I presently monitor 285 blogs nearly every day. In past posts, I have commented on my impression that genealogical blog writing and posting was on the decline. Since those, mostly disputed, observations, I continue to see a dramatic decline. This past week, I went with some of my family on a camping trip to Zion National Park in Southern Utah. We were gone for three days. during that time, I accumulated over 100 blogs posts on my Feedly.com reader. There were two things notable about the 100+ posts. First, there were so few. Yes, I have been used to seeing almost that number in an afternoon and three days accumulation is a far cry from the numbers I am used to reviewing. But more importantly was the subject and authorship of these blog posts.
My observations indicate that blog posting by individuals, writing about their own family and their own research, have almost all but disappeared. My own experience with my children is indicative. All together, my children probably have 20 or 30 blogs. Some of them have more than three each. But their posting has dropped off dramatically. It has been weeks and sometimes months without a post on some of the blogs. Why is this? At the same time, we have seen a concomitant increase in texting, Facebook and Instagram postings. If I want to know about my children's activities, I have to go to Facebook or Instagram for updates.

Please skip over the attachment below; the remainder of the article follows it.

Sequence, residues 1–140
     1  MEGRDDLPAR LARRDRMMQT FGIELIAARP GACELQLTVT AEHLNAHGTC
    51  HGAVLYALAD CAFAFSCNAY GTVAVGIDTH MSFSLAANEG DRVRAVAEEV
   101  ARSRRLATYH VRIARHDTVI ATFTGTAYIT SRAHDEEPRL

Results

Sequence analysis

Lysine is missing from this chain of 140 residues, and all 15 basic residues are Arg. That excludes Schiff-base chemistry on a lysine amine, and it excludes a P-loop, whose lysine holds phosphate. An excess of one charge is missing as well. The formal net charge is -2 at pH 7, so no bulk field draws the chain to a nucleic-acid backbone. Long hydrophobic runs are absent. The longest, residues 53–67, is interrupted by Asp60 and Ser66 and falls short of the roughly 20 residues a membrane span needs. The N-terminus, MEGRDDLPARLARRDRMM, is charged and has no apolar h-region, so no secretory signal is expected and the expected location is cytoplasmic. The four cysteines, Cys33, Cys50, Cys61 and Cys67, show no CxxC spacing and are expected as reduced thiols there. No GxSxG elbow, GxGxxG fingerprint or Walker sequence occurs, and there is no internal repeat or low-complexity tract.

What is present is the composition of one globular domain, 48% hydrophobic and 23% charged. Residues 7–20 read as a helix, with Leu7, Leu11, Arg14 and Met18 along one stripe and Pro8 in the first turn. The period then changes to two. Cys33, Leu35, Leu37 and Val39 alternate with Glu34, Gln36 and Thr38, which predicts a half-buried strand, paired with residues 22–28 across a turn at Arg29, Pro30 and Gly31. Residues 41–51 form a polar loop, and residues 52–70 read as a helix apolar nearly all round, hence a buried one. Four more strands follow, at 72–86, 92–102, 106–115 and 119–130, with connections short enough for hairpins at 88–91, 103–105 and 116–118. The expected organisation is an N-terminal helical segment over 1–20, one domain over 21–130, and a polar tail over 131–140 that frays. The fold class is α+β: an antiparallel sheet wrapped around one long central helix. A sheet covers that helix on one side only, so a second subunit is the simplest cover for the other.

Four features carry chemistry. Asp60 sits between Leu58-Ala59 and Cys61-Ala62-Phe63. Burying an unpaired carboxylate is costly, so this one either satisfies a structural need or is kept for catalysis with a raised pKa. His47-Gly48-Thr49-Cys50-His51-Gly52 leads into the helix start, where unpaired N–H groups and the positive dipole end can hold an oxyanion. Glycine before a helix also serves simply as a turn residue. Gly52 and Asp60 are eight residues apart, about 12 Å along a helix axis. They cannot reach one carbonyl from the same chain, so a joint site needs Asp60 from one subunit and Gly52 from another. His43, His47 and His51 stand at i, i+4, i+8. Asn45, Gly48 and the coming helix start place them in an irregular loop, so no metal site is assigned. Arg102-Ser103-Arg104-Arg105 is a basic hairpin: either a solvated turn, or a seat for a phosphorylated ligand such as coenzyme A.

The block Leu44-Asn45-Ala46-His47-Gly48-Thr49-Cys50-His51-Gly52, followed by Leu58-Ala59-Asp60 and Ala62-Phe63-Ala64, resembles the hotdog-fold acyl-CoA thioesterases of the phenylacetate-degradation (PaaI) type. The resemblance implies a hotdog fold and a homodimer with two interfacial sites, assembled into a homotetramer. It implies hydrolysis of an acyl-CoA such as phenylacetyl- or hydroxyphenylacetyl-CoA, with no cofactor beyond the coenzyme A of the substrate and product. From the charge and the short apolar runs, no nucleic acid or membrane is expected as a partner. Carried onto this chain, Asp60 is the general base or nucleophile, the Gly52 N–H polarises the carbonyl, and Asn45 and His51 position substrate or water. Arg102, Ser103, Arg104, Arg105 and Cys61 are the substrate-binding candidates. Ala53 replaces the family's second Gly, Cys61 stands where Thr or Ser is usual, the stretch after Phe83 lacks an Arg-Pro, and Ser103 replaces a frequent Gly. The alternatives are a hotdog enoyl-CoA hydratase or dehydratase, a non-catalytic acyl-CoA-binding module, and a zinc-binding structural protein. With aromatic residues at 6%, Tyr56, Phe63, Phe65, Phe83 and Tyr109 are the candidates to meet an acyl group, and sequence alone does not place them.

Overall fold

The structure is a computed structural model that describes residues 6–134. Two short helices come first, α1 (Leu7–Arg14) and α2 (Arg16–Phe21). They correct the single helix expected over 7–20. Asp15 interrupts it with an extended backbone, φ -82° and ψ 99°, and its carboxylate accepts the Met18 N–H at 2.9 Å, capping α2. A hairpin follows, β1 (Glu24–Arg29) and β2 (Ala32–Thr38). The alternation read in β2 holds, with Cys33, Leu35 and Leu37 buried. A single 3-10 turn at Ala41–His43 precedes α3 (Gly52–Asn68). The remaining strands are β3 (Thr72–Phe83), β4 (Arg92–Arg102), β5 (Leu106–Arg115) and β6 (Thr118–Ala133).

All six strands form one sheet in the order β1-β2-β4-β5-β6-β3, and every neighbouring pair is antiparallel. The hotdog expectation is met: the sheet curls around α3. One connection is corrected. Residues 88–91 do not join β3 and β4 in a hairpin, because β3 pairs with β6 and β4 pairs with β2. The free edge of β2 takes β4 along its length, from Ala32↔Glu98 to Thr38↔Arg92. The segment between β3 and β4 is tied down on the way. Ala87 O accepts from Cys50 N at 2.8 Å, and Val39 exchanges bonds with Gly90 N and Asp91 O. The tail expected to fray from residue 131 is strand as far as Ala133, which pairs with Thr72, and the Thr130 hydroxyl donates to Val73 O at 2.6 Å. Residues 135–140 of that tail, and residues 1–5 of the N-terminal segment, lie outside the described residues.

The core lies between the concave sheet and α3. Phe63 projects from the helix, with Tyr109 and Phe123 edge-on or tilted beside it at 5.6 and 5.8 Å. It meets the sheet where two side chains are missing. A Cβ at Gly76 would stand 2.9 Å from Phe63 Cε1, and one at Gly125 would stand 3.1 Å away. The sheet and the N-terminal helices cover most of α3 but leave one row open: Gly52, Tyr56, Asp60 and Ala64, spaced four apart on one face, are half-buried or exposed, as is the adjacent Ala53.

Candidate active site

What do I see online in genealogy blogging? I see commercially or business related entities blogging regularly. I also see people promoting themselves or businesses. Granted, there are a few "regulars" out there that keep the channel open, but even most of the regulars are also presenters or participants in the large genealogy conferences. OK, I do have to admit that I have spent my time presenting and had and have a few publications for sale. But what I have made monetarily from genealogy related activities would not even cover the cost of my Internet connection.
It is interesting to review the list of RootsTech 2015 Ambassadors. At the risk of incurring undying ire, I will not go through the list and characterize any of the bloggers, but I will note that some of them do not frequently write about genealogy or family history. This shift from dedicated genealogy bloggers to including those outside the traditional genealogy arena may be beneficial for genealogy and RootsTech, but it does not promote genealogy blogging.
Maybe is is time to turn in the old computer keyboard and go back to doing genealogy like I did for the first 25 years or so, quietly, by myself, and leave the arena of online genealogy to the professionals and promoters?